3:10 pm – 3:50 pm
Providing Constructive Feedback
Kathy Rye EdD RRT FAARC, Little Rock AR
Providing effective feedback and effective strategies for improvement of professional knowledge, attitudes, behaviors, and overall performance are among the most challenging and important skill sets that excellent clinical preceptors need to possess. Why is it then that we do so poorly at giving it? The answer is simple—the infrequency in which we give it and the negative emotions that consume us before and during the delivery of the message. This presentation will provide attendees with tools they can use to prevent their own emotions from getting in the way of delivering effective feedback that is constructive in nature, how to frame the message, and how to be sure the recipient leaves feeling good about the conversation.
3:55 pm – 4:35 pm
Techniques of Evaluation
Kathy Rye EdD RRT FAARC
Providing an effective evaluation is, along with providing effective feedback and strategies for improvement, the most challenging and important skill set preceptors must have. Preceptoring demands excellence in the skills of evaluation, providing constructive feedback and effective remedial strategies for improvement. Attendees will leave this presentation with a solid understanding of what behaviors, traits, and performance attributes must be present in an effective student/employee evaluation.
4:40 pm – 5:20 pm
Solving Problems in Therapist/Preceptor Relationships
Arthur A Taft PhD RRT FAARC, Augusta GA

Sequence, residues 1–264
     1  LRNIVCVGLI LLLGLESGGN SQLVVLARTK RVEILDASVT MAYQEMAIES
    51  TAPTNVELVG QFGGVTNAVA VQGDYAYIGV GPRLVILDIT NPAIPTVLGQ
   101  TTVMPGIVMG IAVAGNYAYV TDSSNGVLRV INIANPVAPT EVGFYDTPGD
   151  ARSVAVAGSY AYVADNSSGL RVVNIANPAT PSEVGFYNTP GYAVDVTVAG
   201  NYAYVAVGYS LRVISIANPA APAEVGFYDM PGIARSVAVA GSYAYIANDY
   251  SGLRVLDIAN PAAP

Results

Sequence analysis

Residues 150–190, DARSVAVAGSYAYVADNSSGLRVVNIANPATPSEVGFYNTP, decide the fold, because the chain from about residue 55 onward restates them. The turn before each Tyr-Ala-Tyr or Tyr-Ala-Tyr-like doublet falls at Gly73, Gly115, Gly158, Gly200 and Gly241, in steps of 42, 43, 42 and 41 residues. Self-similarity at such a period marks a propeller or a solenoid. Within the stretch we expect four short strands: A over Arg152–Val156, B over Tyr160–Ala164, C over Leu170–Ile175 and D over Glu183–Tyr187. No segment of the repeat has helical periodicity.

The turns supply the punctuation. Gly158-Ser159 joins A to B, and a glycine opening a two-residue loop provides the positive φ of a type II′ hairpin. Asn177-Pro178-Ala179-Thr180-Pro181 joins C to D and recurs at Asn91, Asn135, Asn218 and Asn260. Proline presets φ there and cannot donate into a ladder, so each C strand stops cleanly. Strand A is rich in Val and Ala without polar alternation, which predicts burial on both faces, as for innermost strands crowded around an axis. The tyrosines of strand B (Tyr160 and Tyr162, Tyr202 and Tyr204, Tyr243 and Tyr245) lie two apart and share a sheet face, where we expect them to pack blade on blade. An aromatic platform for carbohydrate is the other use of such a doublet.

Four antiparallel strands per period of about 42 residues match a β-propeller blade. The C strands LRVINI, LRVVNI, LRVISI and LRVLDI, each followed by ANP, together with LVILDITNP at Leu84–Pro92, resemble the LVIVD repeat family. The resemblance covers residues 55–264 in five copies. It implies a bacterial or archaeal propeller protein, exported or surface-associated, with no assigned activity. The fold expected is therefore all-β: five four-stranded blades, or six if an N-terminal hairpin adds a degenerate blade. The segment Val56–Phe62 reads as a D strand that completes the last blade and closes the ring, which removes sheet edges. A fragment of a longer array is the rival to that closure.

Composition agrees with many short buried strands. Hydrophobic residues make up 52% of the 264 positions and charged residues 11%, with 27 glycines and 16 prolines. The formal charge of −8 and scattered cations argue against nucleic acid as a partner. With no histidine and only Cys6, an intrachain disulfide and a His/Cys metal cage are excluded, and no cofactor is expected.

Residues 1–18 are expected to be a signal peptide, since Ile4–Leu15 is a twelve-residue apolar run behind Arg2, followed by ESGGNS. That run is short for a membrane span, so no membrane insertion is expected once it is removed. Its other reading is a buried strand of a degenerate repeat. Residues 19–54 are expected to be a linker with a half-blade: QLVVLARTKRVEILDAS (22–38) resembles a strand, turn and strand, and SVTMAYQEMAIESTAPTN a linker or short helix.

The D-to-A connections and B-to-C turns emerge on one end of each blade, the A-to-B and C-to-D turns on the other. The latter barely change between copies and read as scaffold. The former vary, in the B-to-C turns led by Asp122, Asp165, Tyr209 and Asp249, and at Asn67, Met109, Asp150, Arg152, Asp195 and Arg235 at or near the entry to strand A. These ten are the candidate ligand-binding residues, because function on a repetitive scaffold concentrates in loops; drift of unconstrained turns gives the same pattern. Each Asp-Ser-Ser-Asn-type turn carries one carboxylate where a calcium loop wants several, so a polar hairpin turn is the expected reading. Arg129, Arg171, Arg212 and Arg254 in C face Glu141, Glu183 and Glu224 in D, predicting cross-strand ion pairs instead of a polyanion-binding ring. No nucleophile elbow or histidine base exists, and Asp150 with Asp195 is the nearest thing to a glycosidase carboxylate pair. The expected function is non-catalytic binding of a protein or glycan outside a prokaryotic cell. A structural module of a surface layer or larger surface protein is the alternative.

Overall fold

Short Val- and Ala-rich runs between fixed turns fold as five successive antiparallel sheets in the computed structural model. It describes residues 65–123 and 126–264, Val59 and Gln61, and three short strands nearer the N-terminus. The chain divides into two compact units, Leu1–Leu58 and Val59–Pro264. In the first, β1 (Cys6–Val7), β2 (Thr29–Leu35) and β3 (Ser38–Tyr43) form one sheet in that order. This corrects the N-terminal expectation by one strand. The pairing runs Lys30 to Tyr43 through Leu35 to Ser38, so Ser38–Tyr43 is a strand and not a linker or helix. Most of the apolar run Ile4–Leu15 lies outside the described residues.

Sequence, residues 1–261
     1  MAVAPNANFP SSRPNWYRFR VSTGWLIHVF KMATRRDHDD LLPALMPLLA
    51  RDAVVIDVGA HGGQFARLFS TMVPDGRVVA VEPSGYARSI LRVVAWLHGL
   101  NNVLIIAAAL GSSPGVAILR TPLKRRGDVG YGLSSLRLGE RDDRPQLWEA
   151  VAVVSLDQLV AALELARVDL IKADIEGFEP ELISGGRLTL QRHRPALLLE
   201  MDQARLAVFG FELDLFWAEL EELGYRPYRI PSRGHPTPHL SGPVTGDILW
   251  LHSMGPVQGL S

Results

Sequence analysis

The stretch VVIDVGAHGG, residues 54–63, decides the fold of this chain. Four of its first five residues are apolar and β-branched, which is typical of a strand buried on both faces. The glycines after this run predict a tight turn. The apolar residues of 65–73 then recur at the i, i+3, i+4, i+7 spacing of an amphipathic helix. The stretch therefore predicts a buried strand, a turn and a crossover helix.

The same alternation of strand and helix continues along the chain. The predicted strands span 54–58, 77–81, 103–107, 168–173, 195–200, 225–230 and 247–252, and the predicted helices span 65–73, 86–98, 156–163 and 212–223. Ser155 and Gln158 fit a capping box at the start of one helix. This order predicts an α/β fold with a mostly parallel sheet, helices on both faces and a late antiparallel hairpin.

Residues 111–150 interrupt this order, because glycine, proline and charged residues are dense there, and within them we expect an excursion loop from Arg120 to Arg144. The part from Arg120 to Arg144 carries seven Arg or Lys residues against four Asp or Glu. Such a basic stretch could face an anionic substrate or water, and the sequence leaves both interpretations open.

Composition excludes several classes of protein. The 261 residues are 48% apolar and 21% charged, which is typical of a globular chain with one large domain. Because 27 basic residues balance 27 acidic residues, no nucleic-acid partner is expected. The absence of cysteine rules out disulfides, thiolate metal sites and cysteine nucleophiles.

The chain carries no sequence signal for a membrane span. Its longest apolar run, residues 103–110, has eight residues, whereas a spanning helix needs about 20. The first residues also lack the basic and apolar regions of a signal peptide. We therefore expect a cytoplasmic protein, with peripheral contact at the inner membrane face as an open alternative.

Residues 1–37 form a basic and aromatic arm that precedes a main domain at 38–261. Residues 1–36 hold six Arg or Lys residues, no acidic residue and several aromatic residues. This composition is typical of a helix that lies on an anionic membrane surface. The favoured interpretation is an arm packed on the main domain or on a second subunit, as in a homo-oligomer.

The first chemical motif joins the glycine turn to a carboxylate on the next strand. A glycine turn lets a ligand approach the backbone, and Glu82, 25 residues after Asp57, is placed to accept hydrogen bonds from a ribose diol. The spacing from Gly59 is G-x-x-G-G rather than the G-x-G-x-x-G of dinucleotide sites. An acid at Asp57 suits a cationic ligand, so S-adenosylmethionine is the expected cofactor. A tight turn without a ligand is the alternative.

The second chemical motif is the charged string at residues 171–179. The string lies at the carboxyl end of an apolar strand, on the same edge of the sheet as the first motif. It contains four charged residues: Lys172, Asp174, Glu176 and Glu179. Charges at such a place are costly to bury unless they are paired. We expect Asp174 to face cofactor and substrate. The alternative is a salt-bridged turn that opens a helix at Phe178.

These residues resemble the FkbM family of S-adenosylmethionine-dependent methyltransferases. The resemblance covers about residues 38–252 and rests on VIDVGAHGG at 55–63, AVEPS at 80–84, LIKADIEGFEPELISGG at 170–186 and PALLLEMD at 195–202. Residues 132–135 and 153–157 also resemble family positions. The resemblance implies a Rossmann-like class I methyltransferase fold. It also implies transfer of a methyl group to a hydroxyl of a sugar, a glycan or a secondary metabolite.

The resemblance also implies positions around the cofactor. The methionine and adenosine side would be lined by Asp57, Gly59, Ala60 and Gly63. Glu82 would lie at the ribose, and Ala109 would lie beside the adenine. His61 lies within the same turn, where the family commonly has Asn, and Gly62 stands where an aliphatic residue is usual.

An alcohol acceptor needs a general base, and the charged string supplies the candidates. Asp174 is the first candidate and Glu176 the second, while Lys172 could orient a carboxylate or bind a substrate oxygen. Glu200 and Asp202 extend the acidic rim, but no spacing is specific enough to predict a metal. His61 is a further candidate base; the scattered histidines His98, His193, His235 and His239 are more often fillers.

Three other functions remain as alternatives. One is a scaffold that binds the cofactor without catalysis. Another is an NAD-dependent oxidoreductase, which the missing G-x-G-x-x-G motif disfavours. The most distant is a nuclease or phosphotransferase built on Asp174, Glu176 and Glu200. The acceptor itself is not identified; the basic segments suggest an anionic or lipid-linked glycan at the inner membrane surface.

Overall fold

Working together and using effective communication are among the keys to solving many of the problems and challenges that surface in a teacher/learner setting. For maximum benefit, both clinical instructors and preceptors must utilize proper and effective techniques as various problems arise. The ability to communicate and feel comfortable to share critical reviews without repercussion are essential elements of the preceptor/student or manager/employee relationship. This two-way street of dialogue facilitates higher performing teams and promotes improved efficiency and productivity. This presentation will highlight the required elements necessary for problem solving and improved communication in any vertically reporting work relationship. All program faculty, managers, and department educators will benefit from this talk.
5:25 pm – 6:05 pm
Putting It All Together: Engaging Excellence
Arthur A Taft PhD RRT FAARC
This presentation is a summary of the entire course and provides a framework for both clinical instructors and department educators to continually improve their skills to provide excellence in clinical performance. A focus will be placed on strengthening the mentoring relationship that takes place between the student/employee and the clinical preceptor/department educator/manager. Establishing and building upon a relationship that emphasizes professional growth and clinical excellence is a win-win…for student and employee, the college and the hospital, but most importantly for the patient and the profession.